Leveraging Bar Codes and RFID for Track-and-Trace Efficiency

It’s up to you to develop systems that utilize bar code and RFID data.


Debbie Murphy, Global Practice Leader, Life Sciences
Zebra Technologies


Debbie Murphy

A lot is expected from bar codes and radio frequency identification (RFID) when it comes to information capacity, security, and efficient identification. Regulators and retailers hope to defend products against diversion and counterfeiting, make electronic pedigrees practical, and prevent medication errors.

But bar codes and RFID do none of these things alone. The technologies simply provide accurate information. Until we all focus our attention on how we can exchange precise, real-time information in our operations, the potential of bar codes and RFID will remain unfulfilled.

RFID and bar codes make it practical to capture and share new types of information in new ways.

For instance, even though FDA’s labeling rule was intended to lead patient safety programs in hospitals, there are opportunities for manufacturers, wholesalers, and distributors to produce lots with unit codes. For example, encoding lot numbers along with the unit-of-use code and marrying them in a database to specific shipments would provide a new level of visibility. Marrying lot codes to electronic records created by production-line control software would enable manufacturers to conduct highly targeted recalls, like this: “We are recalling 50-mg tablets of Drug X, lot number 0123456789, made on March 19, 2003, between 8 a.m. and 1 p.m., on production line 2 at our Anytown, Any State, facility. These products were shipped to Acme Drug Distributors warehouses in Memphis, TN, and Columbus, OH. No other products are affected.”

RFID tagging can take traceability even further. The electronic product code (EPC) system from EPCglobal can provide a secure, unique, and unalterable serial number for each item that is tagged. This represents a powerful new form of information for the industry. A product’s National Drug Code (NDC) number and a unique EPC serial number can be encoded on a single tag.

Generation 2 standard EPC tags also have additional, rewritable memory, which could be used to encode transaction histories, lot codes, expiration dates, and other information to support additional applications. Multiple EPC tags can be read simultaneously. For example, all tagged outer packs contained within a case could be read with a single pass by a reader, which makes it practical to capture and use the information.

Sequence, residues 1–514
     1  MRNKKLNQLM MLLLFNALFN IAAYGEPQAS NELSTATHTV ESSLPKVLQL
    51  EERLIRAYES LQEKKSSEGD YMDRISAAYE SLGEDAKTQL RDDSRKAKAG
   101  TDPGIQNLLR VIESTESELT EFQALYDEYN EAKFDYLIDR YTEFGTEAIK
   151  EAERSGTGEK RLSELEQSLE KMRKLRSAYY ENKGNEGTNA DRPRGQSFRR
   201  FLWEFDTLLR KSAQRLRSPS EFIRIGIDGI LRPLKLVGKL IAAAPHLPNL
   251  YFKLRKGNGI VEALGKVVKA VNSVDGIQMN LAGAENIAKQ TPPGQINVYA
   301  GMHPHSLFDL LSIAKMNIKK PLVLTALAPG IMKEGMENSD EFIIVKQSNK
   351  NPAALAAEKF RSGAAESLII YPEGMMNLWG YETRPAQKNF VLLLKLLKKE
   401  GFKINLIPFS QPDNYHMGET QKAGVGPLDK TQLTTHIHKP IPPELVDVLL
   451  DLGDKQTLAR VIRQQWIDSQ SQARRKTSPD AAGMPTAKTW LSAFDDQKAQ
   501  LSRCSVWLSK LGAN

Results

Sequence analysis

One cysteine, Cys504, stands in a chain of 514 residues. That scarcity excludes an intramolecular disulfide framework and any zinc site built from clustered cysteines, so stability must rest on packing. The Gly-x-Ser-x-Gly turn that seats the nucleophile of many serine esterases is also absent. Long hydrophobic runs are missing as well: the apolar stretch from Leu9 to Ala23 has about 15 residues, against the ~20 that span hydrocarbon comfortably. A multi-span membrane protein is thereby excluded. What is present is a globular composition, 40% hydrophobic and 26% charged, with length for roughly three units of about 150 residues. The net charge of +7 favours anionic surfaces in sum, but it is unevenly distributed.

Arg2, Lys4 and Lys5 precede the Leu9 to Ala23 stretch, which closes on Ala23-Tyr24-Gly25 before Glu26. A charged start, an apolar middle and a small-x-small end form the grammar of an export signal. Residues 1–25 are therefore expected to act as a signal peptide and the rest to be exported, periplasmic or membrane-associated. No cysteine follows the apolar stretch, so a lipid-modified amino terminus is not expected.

An RFID-based electronic pedigree system would work by applying an RFID label to pallets or cases. The chip within the label would be encoded with a serial number that uniquely identifies the items. It could also be encoded with a customer number or other details about the organization to which the product is being shipped. During shipping operations, the RFID tag would be read and the shipper’s inventory records updated, associating the items with a specific customer order. A date-and-time stamp would be applied to the scan to create a chain-of-custody record that is accurate to the minute. This powerful application would require a data warehouse to store transaction data.

The receiving organization could read the RFID label to record receipt and update its own inventory records. Organizations could compare the date that items were shipped to the date that they were received to see whether there were any unusual delays in the process that could suggest the shipment was diverted.

The RFID tag could also protect against counterfeiting. Relabelers, wholesalers, distributors, pharmacies, and hospitals could authenticate incoming shipments with portable readers to ensure no piracy or substitution occurred while the shipment was in transit. Manufacturers could conduct surprise audits of distribution facilities to determine whether and where counterfeit goods enter the supply chain.

Product authentication, pedigree requirements, inventory management, returns, and recalls can only be handled as efficiently as an organization’s information systems allow. It’s up to you to create systems that collect this powerful information.


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